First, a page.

Muslims enter holy month of Ramadan amid flood mishap in NW China

08:48, August 13, 2010      

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Getting up at 3 a.m. at a makeshift tent, 57-year-old Ding Xiulian ate a box meal her son received for her from the government, and began her Ramadan fast.

Ding is a Muslim of the Hui ethnic group in Jianxin Village, Tongxin County of northwest China's Ningxi Hui Autonomous Region. She was supposed to enter the holy month one day earlier, but a sudden rain-triggered flood disturbed the event.

She and more than 1,000 others were evacuated to a temporary shelter at a primary school at Tongxin's Hexi Town, and among them, more than 300 are Muslims.

The meal time had been adjusted to respect the dining habit of Muslims during the holy month, said Ma Honghai, acting chief of Tongxin County.

"More than 200 Muslims here at the school entered their holy month today, and the meals were delivered to them by 4 a.m.," said Ma Wenbao, chief of the county's civil affairs bureau.

There are more than 2 million Muslims of the Hui ethnic group in Ningxia and their fast usually starts on the 11th to 13th, according to requirements of different religion sects.

During Ramadan, the ninth month of a year in the Muslim calendar, the Muslims refrain from eating, drinking, smoking and sex from sunrise to sunset. For Muslims, Ramadan is the holy month to purify their soul. But children, elderly people and the weak do not have to observe the fast.

Unlike Ding, who was evacuated to a school, 51-year-old Luo Zhengcheng turned to one of his relatives for help.

"There are seven members in my family. Three of us started the fast, and I still go to the mosque every day," Luo told Xinhua.

Luo thought that the flood was not important enough to influence their religious life. "All difficulties can be overcome if only you are devout."

"Although it's not so convenient being at the home of others, it's no big deal as the fast itself is a test for us," he said.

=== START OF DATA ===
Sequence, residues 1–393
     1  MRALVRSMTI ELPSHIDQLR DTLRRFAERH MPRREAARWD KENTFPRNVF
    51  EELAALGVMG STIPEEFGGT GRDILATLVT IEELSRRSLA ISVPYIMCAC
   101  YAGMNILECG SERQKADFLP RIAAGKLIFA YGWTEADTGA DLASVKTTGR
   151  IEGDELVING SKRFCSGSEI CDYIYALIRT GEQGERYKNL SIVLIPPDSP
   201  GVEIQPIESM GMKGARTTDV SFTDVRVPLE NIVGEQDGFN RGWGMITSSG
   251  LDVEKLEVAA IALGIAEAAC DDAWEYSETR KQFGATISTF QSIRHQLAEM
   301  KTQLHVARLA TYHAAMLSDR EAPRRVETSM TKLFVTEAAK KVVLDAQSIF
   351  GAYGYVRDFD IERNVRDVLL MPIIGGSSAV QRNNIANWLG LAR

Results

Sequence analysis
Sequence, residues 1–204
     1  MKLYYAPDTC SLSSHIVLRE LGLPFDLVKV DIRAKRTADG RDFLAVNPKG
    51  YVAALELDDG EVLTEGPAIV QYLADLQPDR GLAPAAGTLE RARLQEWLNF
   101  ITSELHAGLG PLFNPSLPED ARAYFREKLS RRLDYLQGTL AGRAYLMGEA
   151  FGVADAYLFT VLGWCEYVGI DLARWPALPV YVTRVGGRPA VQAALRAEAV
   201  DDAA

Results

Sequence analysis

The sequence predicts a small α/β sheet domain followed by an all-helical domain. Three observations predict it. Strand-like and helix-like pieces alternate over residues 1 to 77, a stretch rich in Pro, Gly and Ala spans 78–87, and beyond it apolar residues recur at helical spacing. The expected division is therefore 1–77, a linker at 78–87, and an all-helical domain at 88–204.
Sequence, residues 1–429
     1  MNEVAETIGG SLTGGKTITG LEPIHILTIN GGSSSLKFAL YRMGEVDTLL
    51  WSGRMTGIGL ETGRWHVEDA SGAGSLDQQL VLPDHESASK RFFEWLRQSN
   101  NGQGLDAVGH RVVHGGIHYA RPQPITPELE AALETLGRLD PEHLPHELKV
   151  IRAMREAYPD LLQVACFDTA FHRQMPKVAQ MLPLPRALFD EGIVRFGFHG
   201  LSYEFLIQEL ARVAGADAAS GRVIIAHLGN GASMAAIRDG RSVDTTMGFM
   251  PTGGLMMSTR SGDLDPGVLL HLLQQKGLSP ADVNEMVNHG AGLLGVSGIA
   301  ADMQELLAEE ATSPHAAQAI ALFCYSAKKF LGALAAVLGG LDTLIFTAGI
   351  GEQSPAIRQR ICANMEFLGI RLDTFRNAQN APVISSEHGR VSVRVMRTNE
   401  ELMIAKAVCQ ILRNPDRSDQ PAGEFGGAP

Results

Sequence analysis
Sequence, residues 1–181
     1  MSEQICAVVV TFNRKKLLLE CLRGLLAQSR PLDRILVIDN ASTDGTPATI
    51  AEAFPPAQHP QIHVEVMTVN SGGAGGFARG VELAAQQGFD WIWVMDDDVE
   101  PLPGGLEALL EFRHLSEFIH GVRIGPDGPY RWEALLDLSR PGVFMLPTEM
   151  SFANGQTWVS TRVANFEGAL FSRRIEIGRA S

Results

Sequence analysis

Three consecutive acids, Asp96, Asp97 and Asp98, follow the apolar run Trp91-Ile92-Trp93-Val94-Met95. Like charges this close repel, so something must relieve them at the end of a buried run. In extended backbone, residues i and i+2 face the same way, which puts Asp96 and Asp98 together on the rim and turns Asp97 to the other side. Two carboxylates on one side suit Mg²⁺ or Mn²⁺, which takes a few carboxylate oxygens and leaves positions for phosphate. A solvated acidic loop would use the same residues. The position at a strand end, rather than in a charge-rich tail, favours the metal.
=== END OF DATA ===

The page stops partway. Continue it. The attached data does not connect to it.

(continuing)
The county government granted 15 yuan per person per day for those who turned to friends or relatives to ensure their basic needs.

Another difficulty the Muslims are facing is working on rebuilding their homes during the fast, but Luo was confident he could make it.

"We used to continue farming during the fast," he said.

Not only people from the Hui ethnic group, but also Uygur, Kazak, and Kirghiz are greeting the important Muslim holiday.

In Urumqi, capital city of northwest China's Xinjiang Uygur Autonomous Region, older people were gathering at Khan Tengri Mosque Thursday afternoon, chatting and waiting to have dinner after sunset.

"Dinner after sunset is the time for reunion, parties and entertainment. We feel it more deliciously after a one-day fast, and it will be more meaningful if we have dinner at the mosque," said Mutker Mamut, a Uygur who came to the mosque for the dinner ceremony.

Free meals are also prepared along the streets.

"Muslims are supposed to do good deeds during this month, and stores will prepare free meals for strangers who are running late for dinner at home," said Mahmut Xekret, who runs a gold jewelry processing workshop.

During Ramadan, Muslims worship at a local mosque or at home five times per day and repeatedly wash themselves.

One month later, they will celebrate Eid al-Fitr, or the fast-breaking festival, that signals the end of Ramadan.

Source:Xinhua

(Editor:梁军)

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